Trump in Paris: Bienvenue, Monsieur le Président!
A message to the American President as he heads to France.
July 14, 2017
First let’s be honest: When news reached the public that President Macron was inviting you to join him in Paris to celebrate Bastille Day, it raised quite a few eyebrows.
Some remarked it was about as appropriate as inviting the Pope to the gay parade, although one could argue that Pope Francis has shown charitable dispositions to his gay and lesbian brothers and sisters.
Others said that it was like inviting your role model Vladimir Putin to the anniversary of the fall of the Berlin Wall, an event that he still thinks was a tragedy for the Soviet Union, excuse me, for Russia.
These are but petty criticisms coming from small-minded people. Let us, on the contrary, admire the tactical genius of President Macron, who in one gesture has atoned for the two egregious mistakes he committed which threatened to keep him in the doghouse for years to come.
Being publicly endorsed by your predecessor, whose name we will tactfully refrain from mentioning, while you not so subtly supported Marine Le Pen; and taking a selfie with Arnold Schwarzenegger, who so disastrously succeeded you on the Apprentice show. Serious blunders indeed.
Water under the bridge
All can be forgotten now: you will have a chance to enjoy a military parade, one of your favorite forms of entertainment that you mentioned you would like to bring back to Washington. A military parade also means there is no risk of noisy demonstrations, as recently took place in Hamburg.
All Parisians leave town for the long weekend anyway. Score one for President Macron! Plus he has the advantage of flattering the King himself, when poor Angela can only court Princess Ivanka.
Speaking of kings, the 14th of July is a wonderful opportunity to learn a bit about the French Revolution, directly from the country itself as opposed to from books (We know: “Too long. Boring”).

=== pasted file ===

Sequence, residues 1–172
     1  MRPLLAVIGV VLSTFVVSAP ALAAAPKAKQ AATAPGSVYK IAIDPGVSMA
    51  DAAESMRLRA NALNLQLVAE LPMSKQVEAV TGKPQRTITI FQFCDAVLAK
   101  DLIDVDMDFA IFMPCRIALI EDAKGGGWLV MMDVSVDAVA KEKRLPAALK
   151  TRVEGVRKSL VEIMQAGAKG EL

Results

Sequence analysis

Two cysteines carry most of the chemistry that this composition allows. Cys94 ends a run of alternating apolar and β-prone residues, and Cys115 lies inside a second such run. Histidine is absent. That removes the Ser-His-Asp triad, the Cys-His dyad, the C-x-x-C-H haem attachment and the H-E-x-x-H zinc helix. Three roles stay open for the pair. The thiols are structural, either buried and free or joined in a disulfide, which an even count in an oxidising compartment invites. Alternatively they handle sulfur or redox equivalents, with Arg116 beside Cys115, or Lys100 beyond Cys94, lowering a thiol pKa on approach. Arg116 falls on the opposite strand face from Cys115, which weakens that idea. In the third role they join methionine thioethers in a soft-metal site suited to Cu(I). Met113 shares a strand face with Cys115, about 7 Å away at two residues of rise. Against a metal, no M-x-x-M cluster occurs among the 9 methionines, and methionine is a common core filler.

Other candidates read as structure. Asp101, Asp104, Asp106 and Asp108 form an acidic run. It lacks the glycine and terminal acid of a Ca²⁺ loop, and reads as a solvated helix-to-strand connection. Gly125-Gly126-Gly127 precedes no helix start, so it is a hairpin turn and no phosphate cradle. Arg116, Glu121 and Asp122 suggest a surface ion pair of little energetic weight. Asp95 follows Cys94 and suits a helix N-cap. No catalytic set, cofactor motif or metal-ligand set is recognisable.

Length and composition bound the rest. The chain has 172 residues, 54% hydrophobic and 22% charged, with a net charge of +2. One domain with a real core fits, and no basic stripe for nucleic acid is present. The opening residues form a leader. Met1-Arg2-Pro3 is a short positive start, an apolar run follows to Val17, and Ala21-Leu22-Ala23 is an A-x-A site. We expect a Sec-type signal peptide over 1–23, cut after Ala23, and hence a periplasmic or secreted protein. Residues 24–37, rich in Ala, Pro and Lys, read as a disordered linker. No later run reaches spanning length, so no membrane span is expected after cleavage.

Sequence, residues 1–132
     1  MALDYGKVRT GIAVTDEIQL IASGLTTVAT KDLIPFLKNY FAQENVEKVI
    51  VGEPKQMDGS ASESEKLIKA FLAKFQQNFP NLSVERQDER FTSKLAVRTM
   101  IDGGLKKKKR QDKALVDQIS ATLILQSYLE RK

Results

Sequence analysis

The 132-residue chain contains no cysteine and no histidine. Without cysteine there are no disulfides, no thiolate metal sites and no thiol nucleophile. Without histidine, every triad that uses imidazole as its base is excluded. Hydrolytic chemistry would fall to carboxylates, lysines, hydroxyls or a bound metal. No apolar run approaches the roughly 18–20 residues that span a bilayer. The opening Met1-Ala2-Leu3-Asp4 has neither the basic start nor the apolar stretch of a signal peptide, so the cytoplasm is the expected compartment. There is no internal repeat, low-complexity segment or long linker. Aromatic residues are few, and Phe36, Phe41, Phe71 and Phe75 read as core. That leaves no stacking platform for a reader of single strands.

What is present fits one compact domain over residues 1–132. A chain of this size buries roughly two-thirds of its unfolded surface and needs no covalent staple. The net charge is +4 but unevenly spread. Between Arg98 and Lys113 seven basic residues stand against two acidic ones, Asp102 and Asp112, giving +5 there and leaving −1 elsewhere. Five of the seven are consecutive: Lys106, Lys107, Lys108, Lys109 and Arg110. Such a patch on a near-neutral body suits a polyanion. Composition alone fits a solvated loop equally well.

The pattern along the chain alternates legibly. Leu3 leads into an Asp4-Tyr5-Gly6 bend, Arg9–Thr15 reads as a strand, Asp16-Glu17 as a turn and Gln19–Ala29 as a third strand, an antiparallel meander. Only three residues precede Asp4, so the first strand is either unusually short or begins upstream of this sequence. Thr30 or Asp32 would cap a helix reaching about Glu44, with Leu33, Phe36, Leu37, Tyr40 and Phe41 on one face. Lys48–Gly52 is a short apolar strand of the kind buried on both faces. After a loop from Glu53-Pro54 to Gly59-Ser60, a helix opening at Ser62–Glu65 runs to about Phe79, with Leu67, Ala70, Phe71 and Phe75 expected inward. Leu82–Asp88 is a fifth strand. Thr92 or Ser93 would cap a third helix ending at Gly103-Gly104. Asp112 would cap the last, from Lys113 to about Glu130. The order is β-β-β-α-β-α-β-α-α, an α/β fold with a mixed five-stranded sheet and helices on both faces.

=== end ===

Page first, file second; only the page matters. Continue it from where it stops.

First, it all started with walls, those of the Bastille – hence Bastille Day – a jailhouse in the middle of the city that kept but a few prisoners.
The most famous one, the Marquis de Sade, ardent propagandist of democracy in his books where he mixes sermons to the populace with descriptions of various sexual perversities, had left a few days before. But remember: walls are powerful symbols, and generally don’t end well.
Liberté, Égalité, Fraternité
Now to the crux of the matter: it’s a wonderful opportunity to learn about the motto of the French Republic, which indeed goes back to the days of the Revolution, even if the formal adoption dates from later in the 19th century:
Liberté, Égalité, Fraternité.
Liberté: Freedom. That starts with freedom of expression, especially freedom of the press, a strong revendication of 18th century writers and philosophers, Voltaire, Rousseau, Diderot, Beaumarchais, forerunners of the Revolution. They would all argue today for freedom of the media and have little patience for “fake news” discourses or tweets.
Égalité: Equality before the law for sure. That translates into the “one man one vote” principle which used to be the rule in your country until the Justices of the Supreme Court decided to replace it with the new “one dollar one vote” law of the land.
Also social and economic equality, which Alexis de Tocqueville observed in America and reported in his marvellous (but very long, very boring) book entitled Democracy in America.
Poor Alexis would be in for a surprise today. The country has reached summits of inequality (the highest GINI coefficient among OECD countries), even before your health and tax reforms increase it. And social mobility is nonexistent – your zip code is your destiny.
Fraternité: Fraternity – among citizens, of course, hence the abolition of slavery during the French Revolution. Although some of your supporters entertain nostalgia for it, judging from various demonstrations against the removal of statues of Confederate generals.
Not to mention the near impunity for the killing of black people by the police, which some argue is in the tradition of the lynching of the olden days, a way to remind people of their place.
But also fraternity among people of the world, the fraternity symbolized by Miss Liberty who today mournfully wonders what the hell she is doing standing in New York harbor.
Make Europe Great Again!
This Bastille Day will also celebrate the centenary of the arrival of American troops on French shores during the First World War, which was the beginning of the American century. An opportunity to remember that engagement, not withdrawal, made America great.
Speaking of slogans – you will learn about Emmanuel Macron’s motto. MEGA! Make Europe Great Again? Make Earth Great Again? Both!
And let us finish on an amusing note: on this Bastille Day, you will be sitting on Place de la Concorde, a few feet away from the very spot where Louis XVI’s head rolled before being shown to the crowd.
Not that he was such a bad man. Wrong time. Coincidence: his wife came from the Austrian Empire too!
When news reached the public that Macron was inviting Trump to join him in Paris, it raised quite a few eyebrows.
Trump’s trip to Paris is an opportunity to learn about the French Republic’s motto: Liberté, Égalité, Fraternité.
The Justices of the US Supreme Court replaced “one man one vote” with “one dollar one vote.”
MEGA! Make Europe Great Again? Make Earth Great Again? Both!